Ohio State forward Jaedon Leslie received a pass at the blue line midway through the first period of Friday’s game, seemingly in a position from which he could do little damage. He took a couple of strides and flicked the puck towards the net, likely just trying to get the puck in deep and establish a cycle.

But what looked to be an easy stop for Erik Portillo ended up in the back of the net, the freshman goaltender not even reacting until it was past him. The goal took the wind out of the Michigan hockey team’s sails, giving the Buckeyes a one-goal lead they wouldn’t give back on their way to a 3-2 win.

“You can say as much as you want on the bench (to) try to get everyone going, but if everyone doesn’t buy into realizing that it’s not that big of a deal and we get a lot of time left, you’re not going to get the energy back,” freshman forward Matty Beniers said. “I think other nights we are good about kind of letting it go. But tonight we weren’t as good.”

Leslie’s goal only augmented the discouraged attitude on the Wolverines bench that began less than two minutes into the game as a result of another Portillo blunder. Portillo went behind his own net to play a dumped-in puck as he does so often. Rather than settle it down, he whiffed on it entirely, letting Ohio State forward Gustaf Westlund scoop it up for an easy goal.

What made the goal even more devastating was the fact that Portillo is confident in his ability to play the puck and often takes risks in doing so. While Michigan coach Mel Pearson has said in the past that it scares him, he praised Portillo as recently as last weekend for his puck-handling skills.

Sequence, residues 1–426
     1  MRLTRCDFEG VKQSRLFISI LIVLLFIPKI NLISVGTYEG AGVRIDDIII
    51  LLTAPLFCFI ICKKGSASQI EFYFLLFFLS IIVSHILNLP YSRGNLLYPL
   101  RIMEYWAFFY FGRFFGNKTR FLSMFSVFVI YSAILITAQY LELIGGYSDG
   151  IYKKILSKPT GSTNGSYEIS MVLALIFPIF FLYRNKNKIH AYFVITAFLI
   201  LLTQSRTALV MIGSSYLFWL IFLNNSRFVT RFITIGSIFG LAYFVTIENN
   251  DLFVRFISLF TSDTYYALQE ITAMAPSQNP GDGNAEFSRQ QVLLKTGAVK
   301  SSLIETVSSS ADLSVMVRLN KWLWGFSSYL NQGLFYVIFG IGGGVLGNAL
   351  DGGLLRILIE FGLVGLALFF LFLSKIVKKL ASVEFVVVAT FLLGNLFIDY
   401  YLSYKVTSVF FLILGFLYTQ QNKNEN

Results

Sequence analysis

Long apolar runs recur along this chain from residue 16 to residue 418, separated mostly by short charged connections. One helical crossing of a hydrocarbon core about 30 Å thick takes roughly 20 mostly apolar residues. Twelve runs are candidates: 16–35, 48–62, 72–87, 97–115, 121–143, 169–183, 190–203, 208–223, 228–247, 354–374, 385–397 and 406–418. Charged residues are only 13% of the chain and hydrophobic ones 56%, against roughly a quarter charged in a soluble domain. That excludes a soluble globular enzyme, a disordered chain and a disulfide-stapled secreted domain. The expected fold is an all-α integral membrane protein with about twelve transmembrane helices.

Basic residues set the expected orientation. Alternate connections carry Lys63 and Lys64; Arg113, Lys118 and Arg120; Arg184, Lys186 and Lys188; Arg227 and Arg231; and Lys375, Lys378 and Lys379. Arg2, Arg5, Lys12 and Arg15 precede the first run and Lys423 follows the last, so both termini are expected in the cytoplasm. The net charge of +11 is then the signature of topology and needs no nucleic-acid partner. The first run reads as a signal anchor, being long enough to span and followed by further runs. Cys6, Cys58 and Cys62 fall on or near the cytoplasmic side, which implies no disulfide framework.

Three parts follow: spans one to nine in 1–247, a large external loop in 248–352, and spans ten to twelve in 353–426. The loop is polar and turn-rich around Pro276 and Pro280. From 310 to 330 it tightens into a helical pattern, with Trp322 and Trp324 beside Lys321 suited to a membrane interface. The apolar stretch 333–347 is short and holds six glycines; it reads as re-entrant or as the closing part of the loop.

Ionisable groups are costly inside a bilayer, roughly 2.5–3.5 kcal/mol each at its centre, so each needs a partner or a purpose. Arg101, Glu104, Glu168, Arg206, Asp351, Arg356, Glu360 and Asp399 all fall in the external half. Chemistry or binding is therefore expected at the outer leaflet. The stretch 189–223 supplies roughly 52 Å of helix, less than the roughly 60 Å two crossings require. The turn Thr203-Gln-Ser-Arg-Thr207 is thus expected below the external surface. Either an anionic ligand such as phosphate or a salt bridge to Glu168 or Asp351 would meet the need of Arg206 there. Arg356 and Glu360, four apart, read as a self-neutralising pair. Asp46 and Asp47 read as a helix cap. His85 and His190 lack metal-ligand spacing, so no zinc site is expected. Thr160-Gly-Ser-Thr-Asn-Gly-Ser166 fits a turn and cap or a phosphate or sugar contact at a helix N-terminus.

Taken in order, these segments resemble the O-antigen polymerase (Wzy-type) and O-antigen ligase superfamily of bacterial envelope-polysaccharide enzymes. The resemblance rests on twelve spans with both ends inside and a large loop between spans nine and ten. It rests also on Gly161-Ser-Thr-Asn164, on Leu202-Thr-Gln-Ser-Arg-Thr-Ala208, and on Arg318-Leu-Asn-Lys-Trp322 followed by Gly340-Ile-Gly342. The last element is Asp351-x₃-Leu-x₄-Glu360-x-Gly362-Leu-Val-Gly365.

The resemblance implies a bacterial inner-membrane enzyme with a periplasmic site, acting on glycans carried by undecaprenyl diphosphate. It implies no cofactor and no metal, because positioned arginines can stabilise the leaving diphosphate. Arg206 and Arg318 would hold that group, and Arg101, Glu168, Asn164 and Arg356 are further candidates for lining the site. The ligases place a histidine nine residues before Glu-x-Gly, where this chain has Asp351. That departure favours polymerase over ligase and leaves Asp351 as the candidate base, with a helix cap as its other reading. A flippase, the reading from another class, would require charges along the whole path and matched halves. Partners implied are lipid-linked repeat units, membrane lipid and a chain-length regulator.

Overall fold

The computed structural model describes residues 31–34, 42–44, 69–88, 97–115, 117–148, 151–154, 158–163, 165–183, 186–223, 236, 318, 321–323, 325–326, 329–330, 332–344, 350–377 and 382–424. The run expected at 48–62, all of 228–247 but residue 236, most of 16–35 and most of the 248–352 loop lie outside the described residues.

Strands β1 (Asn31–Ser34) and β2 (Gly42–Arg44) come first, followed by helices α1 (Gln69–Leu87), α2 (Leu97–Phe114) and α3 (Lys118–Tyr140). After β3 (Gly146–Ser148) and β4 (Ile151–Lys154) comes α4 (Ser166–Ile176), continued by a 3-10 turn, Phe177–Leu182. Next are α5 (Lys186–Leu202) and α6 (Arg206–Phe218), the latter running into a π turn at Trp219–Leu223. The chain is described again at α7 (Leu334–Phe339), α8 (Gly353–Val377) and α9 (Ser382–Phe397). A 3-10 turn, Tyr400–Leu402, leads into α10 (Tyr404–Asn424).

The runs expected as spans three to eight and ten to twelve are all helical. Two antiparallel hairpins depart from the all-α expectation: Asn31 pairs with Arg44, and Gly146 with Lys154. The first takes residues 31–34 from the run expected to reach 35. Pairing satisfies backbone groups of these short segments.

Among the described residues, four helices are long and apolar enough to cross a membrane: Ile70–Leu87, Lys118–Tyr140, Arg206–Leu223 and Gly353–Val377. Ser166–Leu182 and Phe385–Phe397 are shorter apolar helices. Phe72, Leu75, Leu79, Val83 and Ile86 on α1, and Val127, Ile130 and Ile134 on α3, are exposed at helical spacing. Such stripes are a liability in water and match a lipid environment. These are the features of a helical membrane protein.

“It’s kind of bound to happen from time to time,” Pearson said. “But it’s disappointing, especially when it’s the first goal of the game and you’re trying to set the tone.”

Following the first two goals, it was fair to wonder if Pearson would consider pulling Portillo. After all, he is a freshman who has yet to face much adversity in his college career. But Pearson stuck with him and Portillo settled in, only allowing one more goal on a redirection that he couldn’t react to.

Even though Portillo’s play improved the rest of the way and the Wolverines began to generate more chances, it ended up being too little, too late. With a two-goal lead, all the Buckeyes had to do was clog their defensive zone and get pucks in deep.

“I thought the bad one was the third goal, when they got up 3-1,” Pearson said. “Now you’re in desperation mode, and they’re just sort of hanging back. … You go through college hockey games and you show me the first team that gets to three, they usually win that game.”

Goaltenders allowing soft goals isn’t an issue that Michigan has had to deal with much this year, especially since Portillo and junior goaltender Strauss Mann began splitting starts. The Wolverines have had games where their offense comes and goes or they’re weak in their own zone, but goaltending has been a constant.

Portillo had been so impressive in his first three starts. There’s no need to overreact to two goals that he should have saved. Everything he has shown so far gives reason to believe he will rarely give up similar goals to the two he gave up on Saturday going forward.

But the night that Portillo finally slipped up was the same night that Michigan couldn’t afford it.